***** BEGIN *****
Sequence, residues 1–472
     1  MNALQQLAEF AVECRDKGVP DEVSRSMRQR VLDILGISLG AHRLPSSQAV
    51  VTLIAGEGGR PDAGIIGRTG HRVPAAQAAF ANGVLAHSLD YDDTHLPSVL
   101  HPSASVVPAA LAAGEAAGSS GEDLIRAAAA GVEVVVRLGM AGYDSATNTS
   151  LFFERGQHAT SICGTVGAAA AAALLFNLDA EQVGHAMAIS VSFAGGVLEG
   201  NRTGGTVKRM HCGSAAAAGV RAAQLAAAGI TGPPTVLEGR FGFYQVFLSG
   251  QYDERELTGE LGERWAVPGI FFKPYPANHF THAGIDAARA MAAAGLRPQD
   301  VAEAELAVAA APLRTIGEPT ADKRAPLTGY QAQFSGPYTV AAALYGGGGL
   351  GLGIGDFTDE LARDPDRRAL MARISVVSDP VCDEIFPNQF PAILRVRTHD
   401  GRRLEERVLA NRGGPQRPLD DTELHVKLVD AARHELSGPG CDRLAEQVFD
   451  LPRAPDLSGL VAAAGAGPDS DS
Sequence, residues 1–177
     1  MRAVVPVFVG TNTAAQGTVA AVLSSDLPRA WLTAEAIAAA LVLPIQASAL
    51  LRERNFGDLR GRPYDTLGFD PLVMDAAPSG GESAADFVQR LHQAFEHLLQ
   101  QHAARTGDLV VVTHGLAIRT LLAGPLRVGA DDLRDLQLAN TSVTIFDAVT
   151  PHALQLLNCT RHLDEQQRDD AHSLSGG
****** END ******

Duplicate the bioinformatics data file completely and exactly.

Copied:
Sequence, residues 1–472
     1  MNALQQLAEF AVECRDKGVP DEVSRSMRQR VLDILGISLG AHRLPSSQAV
    51  VTLIAGEGGR PDAGIIGRTG HRVPAAQAAF ANGVLAHSLD YDDTHLPSVL
   101  HPSASVVPAA LAAGEAAGSS GEDLIRAAAA GVEVVVRLGM AGYDSATNTS
   151  LFFERGQHAT SICGTVGAAA AAALLFNLDA EQVGHAMAIS VSFAGGVLEG
   201  NRTGGTVKRM HCGSAAAAGV RAAQLAAAGI TGPPTVLEGR FGFYQVFLSG
   251  QYDERELTGE LGERWAVPGI FFKPYPANHF THAGIDAARA MAAAGLRPQD
   301  VAEAELAVAA APLRTIGEPT ADKRAPLTGY QAQFSGPYTV AAALYGGGGL
   351  GLGIGDFTDE LARDPDRRAL MARISVVSDP VCDEIFPNQF PAILRVRTHD
   401  GRRLEERVLA NRGGPQRPLD DTELHVKLVD AARHELSGPG CDRLAEQVFD
   451  LPRAPDLSGL VAAAGAGPDS DS
Sequence, residues 1–177
     1  MRAVVPVFVG TNTAAQGTVA AVLSSDLPRA WLTAEAIAAA LVLPIQASAL
    51  LRERNFGDLR GRPYDTLGFD PLVMDAAPSG GESAADFVQR LHQAFEHLLQ
   101  QHAARTGDLV VVTHGLAIRT LLAGPLRVGA DDLRDLQLAN TSVTIFDAVT
   151  PHALQLLNCT RHLDEQQRDD AHSLSGG